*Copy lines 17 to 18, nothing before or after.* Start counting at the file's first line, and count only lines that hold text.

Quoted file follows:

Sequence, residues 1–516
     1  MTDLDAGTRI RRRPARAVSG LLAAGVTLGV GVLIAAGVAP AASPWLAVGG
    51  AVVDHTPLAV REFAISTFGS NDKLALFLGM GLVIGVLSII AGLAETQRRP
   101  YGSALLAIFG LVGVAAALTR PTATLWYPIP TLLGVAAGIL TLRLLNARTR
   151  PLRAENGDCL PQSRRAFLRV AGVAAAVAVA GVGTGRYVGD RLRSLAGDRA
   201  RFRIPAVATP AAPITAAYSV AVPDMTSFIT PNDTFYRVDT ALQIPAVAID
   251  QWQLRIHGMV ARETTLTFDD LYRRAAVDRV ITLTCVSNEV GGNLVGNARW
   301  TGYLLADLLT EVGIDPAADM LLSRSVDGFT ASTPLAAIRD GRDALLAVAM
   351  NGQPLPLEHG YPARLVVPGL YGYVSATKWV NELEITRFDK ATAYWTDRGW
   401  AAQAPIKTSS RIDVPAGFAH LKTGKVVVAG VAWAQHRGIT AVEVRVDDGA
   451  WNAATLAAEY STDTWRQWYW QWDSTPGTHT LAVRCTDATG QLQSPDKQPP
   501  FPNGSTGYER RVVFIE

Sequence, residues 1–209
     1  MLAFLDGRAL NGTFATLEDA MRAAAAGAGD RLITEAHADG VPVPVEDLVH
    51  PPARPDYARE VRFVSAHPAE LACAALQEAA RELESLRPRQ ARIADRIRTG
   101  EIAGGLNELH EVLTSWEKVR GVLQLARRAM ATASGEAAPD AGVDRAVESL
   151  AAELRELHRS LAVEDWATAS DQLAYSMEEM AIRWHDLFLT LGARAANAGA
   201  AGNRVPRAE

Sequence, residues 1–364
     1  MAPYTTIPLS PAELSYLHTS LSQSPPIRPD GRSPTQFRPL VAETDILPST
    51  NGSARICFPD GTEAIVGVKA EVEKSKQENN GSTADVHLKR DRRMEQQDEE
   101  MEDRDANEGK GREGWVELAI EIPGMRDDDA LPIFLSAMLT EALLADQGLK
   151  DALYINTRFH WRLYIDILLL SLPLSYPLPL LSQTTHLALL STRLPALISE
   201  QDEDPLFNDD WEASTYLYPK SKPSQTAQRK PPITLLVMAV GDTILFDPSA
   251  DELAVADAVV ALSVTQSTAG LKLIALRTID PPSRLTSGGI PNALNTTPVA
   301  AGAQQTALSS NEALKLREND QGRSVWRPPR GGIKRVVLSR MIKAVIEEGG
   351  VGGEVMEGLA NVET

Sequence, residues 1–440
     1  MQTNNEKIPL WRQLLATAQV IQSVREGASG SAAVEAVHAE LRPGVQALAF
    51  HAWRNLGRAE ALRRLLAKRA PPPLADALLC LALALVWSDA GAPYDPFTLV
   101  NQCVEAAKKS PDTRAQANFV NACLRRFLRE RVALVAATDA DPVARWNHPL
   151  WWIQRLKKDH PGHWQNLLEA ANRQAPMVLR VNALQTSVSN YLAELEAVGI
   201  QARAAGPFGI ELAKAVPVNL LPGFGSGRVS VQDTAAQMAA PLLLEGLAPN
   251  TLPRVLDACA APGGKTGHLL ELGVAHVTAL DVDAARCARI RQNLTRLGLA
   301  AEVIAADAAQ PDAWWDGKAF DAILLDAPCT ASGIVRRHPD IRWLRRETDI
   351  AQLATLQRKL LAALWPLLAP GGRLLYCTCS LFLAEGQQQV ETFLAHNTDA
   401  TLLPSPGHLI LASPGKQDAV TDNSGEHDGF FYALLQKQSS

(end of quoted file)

   151  AAELRELHRS LAVEDWATAS DQLAYSMEEM AIRWHDLFLT LGARAANAGA
   201  AGNRVPRAE